This design has a very different music to the previous version. Here the density is very uneven, and the rings bunch together or space out more widely, seemingly at random. Floating polyhedra are placed at the same ring condition, to highlight the diverse and irregular conditions within the circle. The music of this sphere is weird and dissonant!

This design is based on a 7-fold quasicrystal tiling, using 3 sizes of rhombs. The arrangement is produced by substitution, and is completely procedural, despite its random looking effect. The floating cubes are placed in the rings which demonstrate the same overlapping conditions, their locations highlight the complexity of the layout. Despite the lack of any internal symmetry, the surprise is the boundary condition - the edge profile demonstrates 7-fold symmetry, just as discordant notes can resolve into harmony at the end of a piece of music.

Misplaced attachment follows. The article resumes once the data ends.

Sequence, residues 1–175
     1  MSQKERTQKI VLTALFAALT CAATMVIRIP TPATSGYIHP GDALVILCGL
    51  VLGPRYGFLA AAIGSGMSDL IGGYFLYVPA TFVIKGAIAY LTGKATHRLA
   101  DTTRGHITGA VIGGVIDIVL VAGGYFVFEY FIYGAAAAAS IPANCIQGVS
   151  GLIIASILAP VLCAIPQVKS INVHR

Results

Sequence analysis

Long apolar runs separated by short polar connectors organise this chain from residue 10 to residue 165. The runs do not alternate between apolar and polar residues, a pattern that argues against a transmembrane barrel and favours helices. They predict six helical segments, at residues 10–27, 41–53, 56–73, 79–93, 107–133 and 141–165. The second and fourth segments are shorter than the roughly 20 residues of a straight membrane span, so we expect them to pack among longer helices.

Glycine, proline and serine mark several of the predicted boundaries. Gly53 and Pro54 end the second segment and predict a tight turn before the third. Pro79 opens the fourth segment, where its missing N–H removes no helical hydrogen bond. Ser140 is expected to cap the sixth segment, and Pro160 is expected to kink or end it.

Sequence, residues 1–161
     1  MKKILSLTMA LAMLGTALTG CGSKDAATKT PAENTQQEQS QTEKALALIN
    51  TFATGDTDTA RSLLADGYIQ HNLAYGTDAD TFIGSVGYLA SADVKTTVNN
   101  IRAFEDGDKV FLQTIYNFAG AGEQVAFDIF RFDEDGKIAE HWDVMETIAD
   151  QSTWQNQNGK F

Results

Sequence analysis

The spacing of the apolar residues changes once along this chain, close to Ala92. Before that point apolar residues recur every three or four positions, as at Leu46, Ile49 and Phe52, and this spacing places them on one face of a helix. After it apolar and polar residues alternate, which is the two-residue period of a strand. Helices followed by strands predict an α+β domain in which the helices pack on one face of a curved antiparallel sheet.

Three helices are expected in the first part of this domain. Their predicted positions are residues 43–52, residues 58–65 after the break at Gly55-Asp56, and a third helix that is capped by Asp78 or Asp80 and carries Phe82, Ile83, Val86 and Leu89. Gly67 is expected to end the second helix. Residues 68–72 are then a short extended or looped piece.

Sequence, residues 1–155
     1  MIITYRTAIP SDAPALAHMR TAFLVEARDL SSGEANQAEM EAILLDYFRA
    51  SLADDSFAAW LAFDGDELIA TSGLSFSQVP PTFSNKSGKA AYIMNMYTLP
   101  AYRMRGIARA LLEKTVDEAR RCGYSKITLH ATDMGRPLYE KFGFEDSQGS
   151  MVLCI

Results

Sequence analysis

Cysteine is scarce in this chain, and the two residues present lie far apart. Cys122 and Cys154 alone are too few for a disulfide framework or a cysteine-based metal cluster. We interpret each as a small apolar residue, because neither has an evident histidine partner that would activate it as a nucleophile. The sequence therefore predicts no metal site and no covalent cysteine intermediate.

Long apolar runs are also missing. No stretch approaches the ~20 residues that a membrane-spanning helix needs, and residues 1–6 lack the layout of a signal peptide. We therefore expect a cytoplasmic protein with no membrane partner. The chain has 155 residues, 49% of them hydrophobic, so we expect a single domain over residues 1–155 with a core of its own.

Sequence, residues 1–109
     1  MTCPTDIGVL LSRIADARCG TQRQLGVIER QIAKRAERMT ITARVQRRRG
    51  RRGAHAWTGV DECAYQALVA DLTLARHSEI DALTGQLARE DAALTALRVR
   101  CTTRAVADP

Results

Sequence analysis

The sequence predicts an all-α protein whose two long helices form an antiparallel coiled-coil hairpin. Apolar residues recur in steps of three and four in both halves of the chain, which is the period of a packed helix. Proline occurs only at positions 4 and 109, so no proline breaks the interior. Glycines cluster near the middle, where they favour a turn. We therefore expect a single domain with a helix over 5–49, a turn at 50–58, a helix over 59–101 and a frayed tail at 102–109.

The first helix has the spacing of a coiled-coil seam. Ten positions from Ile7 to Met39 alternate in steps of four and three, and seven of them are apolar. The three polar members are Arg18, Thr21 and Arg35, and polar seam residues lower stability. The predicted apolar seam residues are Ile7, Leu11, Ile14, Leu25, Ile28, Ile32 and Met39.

This illustration from Kepler’s 1619 book, Harmonice Mundi, graphically shows the Platonic associations of the regular solids with the classical elements: The tetrahedron corresponds to fire, the octahedron to air, the cube to earth, the icosahedron to water, and the dodecahedron to the cosmos or ether:


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M USICA APE R IODICA I I Gold and Polyhedra Variant


This design at first appears much more peaceful and symmetrical than the first two. But something odd happens inside the pattern. Shooting diagonals, verticals and horizontals appear, and they are not symmetrical. These shooting stars create constellations in the universe of rings.

Composed of on a tiling made from equilateral triangles and squares, this is actually an aperiodic tiling, which causes the strange visual effects. Different edge matching rules only allow particular arrangements of the tiles. Like the other two Musica designs, the pattern resolves at the edges to a symmetrical condition.

Perspectiva Corporum Regularium, published in 1568, was written by Wenzel Jamnitzer (1508-1585), a renowned Nuremburg goldsmith, designer, and inventor of scientific instruments. In this study of the five Platonic solids, Jamnitzer truncated, stellated, and faceted the regular solids to produce 120 variations, twenty-four variations of each solid. All these creations were illustrated by detailed engravings.


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M USICA APE R IODICA I I I Gold and Polyhedra Variant